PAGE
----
Finally, I would like to link my own experiences of students’ disagreement on the practicality of process-approach in teaching writing here. When I apply this approach in my classroom while teaching writing skills, they ask me how they could apply the same process in the examination as they have very limited time in the exam hall. Of course, it can be used there too though the complete procedure may not be possible to apply, they should think about the writing topic, brainstorm the information related to the topic. Then they can write thinking and arranging the words, phrases, sentences, and the paragraphs.
The debate or the issues about the application of process-approach is an ongoing process as different people have different perceptions and views in a particular subject. However, we should not forget the Chinese proverb ”I hear I forget, I see I remember, I do I understand/know” which emphasizes the possibility and practicality and the guiding principles of teaching writing skills.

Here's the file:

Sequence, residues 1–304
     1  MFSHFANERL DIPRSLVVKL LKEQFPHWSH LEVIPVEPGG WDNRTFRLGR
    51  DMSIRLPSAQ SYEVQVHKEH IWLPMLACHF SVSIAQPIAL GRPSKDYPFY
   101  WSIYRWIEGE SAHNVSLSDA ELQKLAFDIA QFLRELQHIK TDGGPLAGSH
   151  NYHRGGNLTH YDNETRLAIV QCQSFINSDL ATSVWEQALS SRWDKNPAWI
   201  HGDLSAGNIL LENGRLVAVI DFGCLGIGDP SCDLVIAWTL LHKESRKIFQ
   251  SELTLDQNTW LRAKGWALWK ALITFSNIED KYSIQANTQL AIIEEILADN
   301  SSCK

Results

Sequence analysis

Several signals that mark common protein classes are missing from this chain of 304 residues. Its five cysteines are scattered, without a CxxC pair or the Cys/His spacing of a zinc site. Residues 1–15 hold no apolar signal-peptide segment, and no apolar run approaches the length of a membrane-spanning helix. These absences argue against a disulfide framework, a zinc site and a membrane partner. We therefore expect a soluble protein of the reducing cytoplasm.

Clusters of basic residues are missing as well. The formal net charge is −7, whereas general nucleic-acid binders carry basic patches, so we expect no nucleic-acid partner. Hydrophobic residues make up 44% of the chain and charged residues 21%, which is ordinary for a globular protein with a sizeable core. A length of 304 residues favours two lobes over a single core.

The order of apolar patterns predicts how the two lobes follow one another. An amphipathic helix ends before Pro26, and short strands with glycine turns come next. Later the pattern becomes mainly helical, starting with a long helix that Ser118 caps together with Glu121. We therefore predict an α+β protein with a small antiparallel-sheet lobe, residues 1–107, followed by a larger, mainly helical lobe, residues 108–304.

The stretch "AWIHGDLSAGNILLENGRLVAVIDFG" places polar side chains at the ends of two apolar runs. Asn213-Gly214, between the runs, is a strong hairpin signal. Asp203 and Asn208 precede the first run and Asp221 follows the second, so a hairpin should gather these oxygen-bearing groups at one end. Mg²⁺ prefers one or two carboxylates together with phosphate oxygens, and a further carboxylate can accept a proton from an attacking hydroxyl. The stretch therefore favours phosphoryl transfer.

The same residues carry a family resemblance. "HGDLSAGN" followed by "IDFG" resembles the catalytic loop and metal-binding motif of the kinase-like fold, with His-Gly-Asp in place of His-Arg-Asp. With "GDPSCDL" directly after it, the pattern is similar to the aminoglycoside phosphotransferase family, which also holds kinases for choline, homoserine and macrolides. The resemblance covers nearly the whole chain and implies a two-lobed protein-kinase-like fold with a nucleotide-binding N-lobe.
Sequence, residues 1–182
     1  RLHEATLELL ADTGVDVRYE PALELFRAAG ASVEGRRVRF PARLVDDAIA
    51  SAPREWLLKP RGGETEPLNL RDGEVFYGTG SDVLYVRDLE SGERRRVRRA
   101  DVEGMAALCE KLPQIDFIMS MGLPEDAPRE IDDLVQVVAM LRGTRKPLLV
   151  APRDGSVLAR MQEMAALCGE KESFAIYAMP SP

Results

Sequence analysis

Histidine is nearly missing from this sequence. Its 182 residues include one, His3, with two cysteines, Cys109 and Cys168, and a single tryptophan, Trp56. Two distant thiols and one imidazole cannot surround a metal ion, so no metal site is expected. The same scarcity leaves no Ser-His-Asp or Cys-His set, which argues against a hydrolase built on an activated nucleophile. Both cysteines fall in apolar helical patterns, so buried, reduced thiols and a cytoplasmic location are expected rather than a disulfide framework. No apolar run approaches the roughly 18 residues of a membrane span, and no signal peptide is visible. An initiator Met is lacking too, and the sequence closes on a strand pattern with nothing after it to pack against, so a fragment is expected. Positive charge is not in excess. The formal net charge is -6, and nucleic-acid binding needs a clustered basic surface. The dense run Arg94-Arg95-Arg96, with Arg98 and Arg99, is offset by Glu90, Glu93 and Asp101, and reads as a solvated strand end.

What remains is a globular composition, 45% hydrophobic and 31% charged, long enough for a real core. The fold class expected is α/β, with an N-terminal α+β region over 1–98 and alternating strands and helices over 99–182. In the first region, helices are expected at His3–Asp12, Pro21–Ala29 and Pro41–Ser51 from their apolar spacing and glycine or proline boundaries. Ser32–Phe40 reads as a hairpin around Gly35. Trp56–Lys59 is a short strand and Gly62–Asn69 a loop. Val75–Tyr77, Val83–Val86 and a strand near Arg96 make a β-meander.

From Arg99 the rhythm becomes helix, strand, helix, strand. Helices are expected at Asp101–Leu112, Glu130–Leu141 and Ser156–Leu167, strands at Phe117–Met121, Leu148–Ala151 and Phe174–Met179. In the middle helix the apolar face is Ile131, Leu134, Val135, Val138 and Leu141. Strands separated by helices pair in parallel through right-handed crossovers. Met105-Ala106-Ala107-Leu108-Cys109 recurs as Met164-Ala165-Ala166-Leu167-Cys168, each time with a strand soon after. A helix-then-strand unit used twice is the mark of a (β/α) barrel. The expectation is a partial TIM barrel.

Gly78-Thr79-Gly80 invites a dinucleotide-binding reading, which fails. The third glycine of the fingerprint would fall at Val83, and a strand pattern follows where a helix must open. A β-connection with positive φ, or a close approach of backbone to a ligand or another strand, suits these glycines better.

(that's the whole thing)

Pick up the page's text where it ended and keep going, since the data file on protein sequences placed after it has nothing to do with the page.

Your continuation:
The author: Binod Raj Bhatta is a teacher at Sangkosh secondary school and CP college in Dhading district. Mr. Bhatta is also pursuing his M.Phil. from Nepal Open University.
Badger, R., & White, G. (2000). A process genre approach to teaching writing. ELT Journal, 54(2), 153-160. https://doi.org/10.1093/elt/54.2.153
Bhandari, J. (2011). Teaching writing through process writing. Master’s thesis Tribhuvan University.
Cheung, Y. L. (2016). Teaching writing. In English Language Teaching Today (pp. 179-194). https://doi.org/10.1007/978-3-319-38834-2_13
Fhonna, R. (2014). An analysis of students’ free writing, 1.
Khan, H. I. (2012). English Teachers’ perceptions about creativity and teaching creative writing in Pakistan, 2.
Raimes, A. (1983). Techniques in teaching writing. ERIC.
Simmerman, S., Harward, S., Pierce, L., Peterson, N., Morrison, T., Korth, B., Billen, M., & Shumway, J. (2012). Elementary teachers’ perceptions of process writing. Literacy Research and Instruction, 51(4), 292-307. https://doi.org/10.1080/19388071.2011.557764